By Dees Stribling, Contributing Editor
New York–A new report by Cooper Square Realty Inc., a major residential property management company in New York City, contains some unpleasant news for condo-unit owners and co-op shareholders in the city. Average maintenance and common charges are going up next year–more than they do most years.
According to the report, which is based on data collected from annual budgets adopted by condo and co-op boards citywide, condominium owners will see their annual common charges increase between 4.5 percent and 6.5 percent on average in 2011. Also next year, shareholders in cooperatives will see their annual maintenance charges increase between 5.5 percent and 7.5 percent on average.
“Historically, increases have been normally in the 1 percent to 3 percent on an annual basis,” Dan Wurtzel, president of Cooper Square Realty, tells MHN. “But in more recent years, operating expenses for energy, labor and real estate taxes have resulted in larger increases in condominium common charges and cooperative maintenance charges.”
Upward pressure on condo common charges will come from other sources as well. Water and sewer costs are up, and Fannie Mae and Freddie Mac recently imposed sales guidelines that require allocating at least 10 percent of a property’s annual budget to reserve funds. According to Cooper Square Realty, about 80 percent of the condominiums it manages have already allocated the mandated 10 percent of their budgets to a reserve fund.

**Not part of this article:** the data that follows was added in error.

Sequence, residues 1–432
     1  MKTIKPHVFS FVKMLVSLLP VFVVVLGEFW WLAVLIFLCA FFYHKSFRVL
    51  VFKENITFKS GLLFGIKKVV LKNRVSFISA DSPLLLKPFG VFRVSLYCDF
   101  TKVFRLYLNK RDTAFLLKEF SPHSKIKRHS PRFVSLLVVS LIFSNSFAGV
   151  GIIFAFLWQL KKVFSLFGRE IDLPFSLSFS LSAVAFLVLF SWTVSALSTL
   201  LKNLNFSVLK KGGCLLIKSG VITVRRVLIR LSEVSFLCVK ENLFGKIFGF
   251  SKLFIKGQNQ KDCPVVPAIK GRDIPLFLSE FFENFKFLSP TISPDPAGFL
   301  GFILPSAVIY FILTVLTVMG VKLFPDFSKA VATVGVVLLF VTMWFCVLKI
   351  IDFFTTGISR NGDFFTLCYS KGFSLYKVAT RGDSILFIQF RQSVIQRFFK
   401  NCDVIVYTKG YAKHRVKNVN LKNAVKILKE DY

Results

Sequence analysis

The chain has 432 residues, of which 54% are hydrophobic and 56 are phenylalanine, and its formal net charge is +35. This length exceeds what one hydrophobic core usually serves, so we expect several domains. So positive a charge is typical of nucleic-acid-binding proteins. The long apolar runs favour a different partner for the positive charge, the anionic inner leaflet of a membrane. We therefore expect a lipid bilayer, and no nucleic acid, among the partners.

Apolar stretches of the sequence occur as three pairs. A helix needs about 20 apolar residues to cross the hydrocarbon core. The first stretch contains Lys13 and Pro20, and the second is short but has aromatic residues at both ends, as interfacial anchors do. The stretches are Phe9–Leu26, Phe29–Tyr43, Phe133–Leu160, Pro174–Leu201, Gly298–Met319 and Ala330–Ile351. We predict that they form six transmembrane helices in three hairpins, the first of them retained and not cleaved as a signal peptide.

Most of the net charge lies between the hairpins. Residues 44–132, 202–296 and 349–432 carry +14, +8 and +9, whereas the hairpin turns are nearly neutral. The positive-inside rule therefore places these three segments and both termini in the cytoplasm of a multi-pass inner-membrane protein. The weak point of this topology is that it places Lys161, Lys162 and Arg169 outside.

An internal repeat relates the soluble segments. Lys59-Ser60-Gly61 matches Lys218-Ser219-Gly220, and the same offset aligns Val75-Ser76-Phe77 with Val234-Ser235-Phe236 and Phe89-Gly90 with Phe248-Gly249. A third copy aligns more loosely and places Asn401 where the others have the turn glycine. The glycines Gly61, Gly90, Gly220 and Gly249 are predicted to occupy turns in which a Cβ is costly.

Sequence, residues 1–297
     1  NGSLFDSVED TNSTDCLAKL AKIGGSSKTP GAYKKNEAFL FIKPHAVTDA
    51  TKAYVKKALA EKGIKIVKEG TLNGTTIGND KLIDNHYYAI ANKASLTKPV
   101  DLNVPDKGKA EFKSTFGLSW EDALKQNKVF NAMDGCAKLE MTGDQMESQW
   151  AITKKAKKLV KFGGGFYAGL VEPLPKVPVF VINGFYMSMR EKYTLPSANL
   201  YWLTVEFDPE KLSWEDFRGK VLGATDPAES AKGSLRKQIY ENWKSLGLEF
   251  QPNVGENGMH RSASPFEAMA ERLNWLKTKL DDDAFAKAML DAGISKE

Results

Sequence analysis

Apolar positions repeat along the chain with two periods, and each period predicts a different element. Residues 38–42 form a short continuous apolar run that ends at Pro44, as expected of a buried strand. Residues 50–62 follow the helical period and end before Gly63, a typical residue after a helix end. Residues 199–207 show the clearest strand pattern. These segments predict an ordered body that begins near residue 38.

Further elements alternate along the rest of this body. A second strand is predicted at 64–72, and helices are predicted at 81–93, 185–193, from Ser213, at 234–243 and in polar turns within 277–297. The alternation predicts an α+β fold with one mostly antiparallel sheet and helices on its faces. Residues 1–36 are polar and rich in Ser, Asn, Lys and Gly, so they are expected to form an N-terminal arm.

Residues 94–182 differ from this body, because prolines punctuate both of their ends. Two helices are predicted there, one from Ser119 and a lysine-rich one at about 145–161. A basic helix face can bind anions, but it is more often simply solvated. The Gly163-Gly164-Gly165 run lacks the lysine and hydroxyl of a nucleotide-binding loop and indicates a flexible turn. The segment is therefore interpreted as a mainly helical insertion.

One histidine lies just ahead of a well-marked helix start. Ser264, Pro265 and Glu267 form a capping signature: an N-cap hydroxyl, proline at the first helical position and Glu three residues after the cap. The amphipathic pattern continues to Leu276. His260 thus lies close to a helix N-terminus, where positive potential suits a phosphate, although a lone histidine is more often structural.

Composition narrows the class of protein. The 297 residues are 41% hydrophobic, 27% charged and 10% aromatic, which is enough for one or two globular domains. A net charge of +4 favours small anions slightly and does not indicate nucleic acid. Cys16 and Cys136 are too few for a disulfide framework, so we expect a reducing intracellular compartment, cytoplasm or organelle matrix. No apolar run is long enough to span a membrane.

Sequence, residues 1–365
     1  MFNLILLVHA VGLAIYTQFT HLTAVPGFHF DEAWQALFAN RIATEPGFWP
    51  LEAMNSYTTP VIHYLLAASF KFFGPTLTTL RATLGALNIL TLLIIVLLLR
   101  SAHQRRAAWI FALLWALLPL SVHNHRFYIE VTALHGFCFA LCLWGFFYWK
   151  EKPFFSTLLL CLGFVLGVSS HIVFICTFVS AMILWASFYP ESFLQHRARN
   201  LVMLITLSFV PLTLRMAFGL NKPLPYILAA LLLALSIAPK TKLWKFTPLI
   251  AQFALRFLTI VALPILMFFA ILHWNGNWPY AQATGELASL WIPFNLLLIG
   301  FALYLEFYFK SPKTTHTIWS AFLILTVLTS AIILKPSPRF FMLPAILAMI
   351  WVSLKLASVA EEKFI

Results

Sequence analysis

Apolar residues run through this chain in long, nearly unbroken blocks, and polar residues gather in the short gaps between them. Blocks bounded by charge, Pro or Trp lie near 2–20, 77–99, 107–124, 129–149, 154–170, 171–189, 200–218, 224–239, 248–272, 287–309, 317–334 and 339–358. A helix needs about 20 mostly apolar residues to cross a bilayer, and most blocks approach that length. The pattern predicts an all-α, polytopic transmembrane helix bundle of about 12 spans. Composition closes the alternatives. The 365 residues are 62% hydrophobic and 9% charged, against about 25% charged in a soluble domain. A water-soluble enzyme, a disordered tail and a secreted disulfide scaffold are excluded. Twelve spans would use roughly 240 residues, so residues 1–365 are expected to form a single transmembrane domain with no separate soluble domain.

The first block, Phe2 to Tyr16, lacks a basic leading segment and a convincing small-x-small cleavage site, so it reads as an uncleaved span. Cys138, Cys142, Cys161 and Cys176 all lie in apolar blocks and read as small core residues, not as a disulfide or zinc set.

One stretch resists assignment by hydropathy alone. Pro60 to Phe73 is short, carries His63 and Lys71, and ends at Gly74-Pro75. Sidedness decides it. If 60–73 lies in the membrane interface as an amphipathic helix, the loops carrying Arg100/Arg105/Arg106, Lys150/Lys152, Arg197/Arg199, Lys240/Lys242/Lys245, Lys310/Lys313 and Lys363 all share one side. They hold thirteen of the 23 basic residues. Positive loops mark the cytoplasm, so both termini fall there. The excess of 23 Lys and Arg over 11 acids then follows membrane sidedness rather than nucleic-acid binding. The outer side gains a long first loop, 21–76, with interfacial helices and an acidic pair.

Specific to New York, the new four-year agreement between Local 32BJ of the Service Employees International Union and the Realty Advisory Board will mean increased wages, healthcare costs and pension-fund contributions for workers in residential buildings. The agreement affects costs for both condos and co-ops in the city.
In some ways, co-ops are doing better at holding the line on the impact of increasing costs through a bit of financial engineering. “The difference between co-op and condo percentage increases is narrower this year than anytime I can recall,” adds Wurtzel. “That’s because many co-ops are taking advantage of historically low interest rates to refinance their underlying mortgages in order to offset real estate tax increases.”